Along the right edge is a slew of functionality. From the top down, we run into the 24-pin EPS connector and front panel USB connectivity, including a 19-pin USB 3.2 Gen 1 (5 Gbps) USB 3.2 Gen 2 (5 Gbps) Type-C and a 19-pin. Below that, you’ll see two Type-C ports sticking up out of the PCB, where you connect the FPS-II board.

(Image credit: Tom's Hardware)

Power delivery on the Z790-I Gaming Wi-FI has 11 phases, with 10 dedicated to Vcore. Power travels from the 8-pin EPS connector onto a Renesas RAA229131 PWM controller. From there, it heads to the 10 105A Renesas RAA22010540 SPS MOSFETs. The 1,050A available is plenty to power flagship-class processors like our Intel Core i9-14900K and even overclock them without worry. Your CPU cooling will surely get in the way before the power delivery here.

(Image credit: Asus)

Continuing our journey at the bottom of the board, we’ll run into the FPS-II add-in board. The tiny PCB adds two SATA ports (where there are none otherwise), two USB 2.0 front panel headers, your front panel header, a PCIe Alternate mode switch, a 2-pin temperature sensor header, and the CPU Overvolt header. It’s a truly unique design that shoehorns features into a limited space. Just behind that is an additional 2-pin temperature sensor and power button headers.

Moving left, we see the only PCIe expansion slot. The full-length slot runs at PCIe 5.0 x16 speeds. It also supports bifurcation to x8/x8 if needed. Above that, under the stacked heatsink tower, are both M.2 sockets and the RGB headers. You get a PCIe 5.0 x4 socket and PCIe 4.0 x4 sockets that handle up to 80mm modules that support RAID0/1 modes (just like the SATA ports).

In this stack, you’ll also find the RGB headers: 3-pin and 4-pin (ARGB and RGB). Control over any of the attached lighting is handled through the Armoury Crate/Aura RGB application. Again, the board is without integrated RGBs, so if you want some lighting, you’ll have to add it to the otherwise stealthy motherboard.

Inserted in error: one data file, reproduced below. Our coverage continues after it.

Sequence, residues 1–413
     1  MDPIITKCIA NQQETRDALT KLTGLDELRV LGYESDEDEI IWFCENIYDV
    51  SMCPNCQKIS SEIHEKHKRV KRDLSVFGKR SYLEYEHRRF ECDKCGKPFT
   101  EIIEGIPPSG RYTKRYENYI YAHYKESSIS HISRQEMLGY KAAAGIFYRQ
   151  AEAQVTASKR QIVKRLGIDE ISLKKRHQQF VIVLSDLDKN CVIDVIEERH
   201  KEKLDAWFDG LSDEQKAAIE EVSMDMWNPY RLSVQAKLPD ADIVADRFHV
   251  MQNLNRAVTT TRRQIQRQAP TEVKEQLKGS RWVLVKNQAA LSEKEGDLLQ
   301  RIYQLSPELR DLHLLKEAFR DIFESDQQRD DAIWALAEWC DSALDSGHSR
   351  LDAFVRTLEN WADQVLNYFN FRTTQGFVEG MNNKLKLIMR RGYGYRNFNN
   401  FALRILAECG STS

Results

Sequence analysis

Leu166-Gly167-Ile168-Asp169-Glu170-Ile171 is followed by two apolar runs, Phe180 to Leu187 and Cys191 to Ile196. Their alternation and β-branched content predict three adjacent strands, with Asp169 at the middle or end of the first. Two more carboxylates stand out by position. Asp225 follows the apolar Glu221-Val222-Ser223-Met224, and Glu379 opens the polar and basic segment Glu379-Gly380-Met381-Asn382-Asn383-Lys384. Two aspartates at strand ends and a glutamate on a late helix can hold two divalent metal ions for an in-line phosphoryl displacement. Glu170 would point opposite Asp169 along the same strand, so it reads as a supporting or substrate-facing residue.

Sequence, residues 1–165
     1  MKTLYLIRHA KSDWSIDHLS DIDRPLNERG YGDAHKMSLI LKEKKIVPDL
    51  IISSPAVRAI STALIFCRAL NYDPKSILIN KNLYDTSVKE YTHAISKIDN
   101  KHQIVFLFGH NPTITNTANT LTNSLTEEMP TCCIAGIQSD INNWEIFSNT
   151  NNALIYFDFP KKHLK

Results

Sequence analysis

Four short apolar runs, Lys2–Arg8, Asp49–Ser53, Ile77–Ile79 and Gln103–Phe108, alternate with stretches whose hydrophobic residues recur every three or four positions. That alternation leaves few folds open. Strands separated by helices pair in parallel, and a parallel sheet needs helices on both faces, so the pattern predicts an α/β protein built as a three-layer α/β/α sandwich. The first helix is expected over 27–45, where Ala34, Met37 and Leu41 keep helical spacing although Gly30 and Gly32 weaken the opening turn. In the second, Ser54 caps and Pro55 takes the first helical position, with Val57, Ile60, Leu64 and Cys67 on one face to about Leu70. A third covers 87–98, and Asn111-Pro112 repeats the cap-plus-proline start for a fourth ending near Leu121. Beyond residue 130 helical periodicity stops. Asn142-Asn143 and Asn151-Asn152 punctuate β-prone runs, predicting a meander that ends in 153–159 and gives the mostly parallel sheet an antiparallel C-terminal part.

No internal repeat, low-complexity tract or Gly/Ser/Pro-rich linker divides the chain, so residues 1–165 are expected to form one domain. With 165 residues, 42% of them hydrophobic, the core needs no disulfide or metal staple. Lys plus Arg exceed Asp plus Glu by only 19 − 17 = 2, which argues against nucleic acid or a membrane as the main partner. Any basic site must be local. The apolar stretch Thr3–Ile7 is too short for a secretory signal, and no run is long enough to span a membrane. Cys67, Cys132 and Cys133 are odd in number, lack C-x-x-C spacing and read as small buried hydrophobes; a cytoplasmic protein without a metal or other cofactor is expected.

We normally see the audio solution to the left of the PCIe slot. However, Asus has moved it to a triangular-shaped external device called the ROG Strix Hive. Asus says the Hive “brings critical controls and I/O within arms a compact peripheral that sits on the desktop.” The Hive houses the seldom used, but quality Realtek ALC4050 audio codec and an ESS SABRE9260Q DAC for audio. It also holds additional USB ports (Type-A and Type-C), and, finally, several controls, including the BIOS Flashback button, AI Overclocking button, a Flex key, a large volume knob on top, and the Q-LEDs. The device brings a bit of ATX-type functionality to a Mini-ITX board. 

(Image credit: Asus)

The rear IO plate on the Z790-I Gaming Wi-Fi comes preinstalled on the motherboard, like so many others these days. It sports a black background with white labels on the ports and has several trapezoid-shaped vents to let air into the actively cooled VRM heatsinks. You get six Type-A USB ports (3x 3.2 Gen 2, 1x 3.2 Gen 1, and 2x USB 2.0 ports) and three USB Type-C ports (2x Thunderbolt 4 and 1x 3.2 Gen 2x2). Video output consists of a single HDMI port, while networking is handled by the Intel 2.5 GbE port and the Intel AX211 Wi-Fi 6E. The audio stack is missing in this area, but you’ll find that, along with the two 3.5mm jacks (mic and line out) on the Hive, along with two additional USB ports.

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Joe Shields
Motherboard Reviewer

Joe Shields is a Freelance writer for Tom’s Hardware US. He reviews motherboards.

  • scoob010
    If it's the same as the AM5 x670e-i the hive takes lanes off one of the usb ports on the FPS-II card. One 2.0 port is labelled with two lanes and the other is labelled AIO as it cannot transfer data. Only RPM and power due to the unusual way it's split to accommodate the hive. Maybe that's obvious to other people but, it had me well and truly stumped for a couple of days. The internet was too busy blaming blown ports to help. Worth mentioning if it's the same.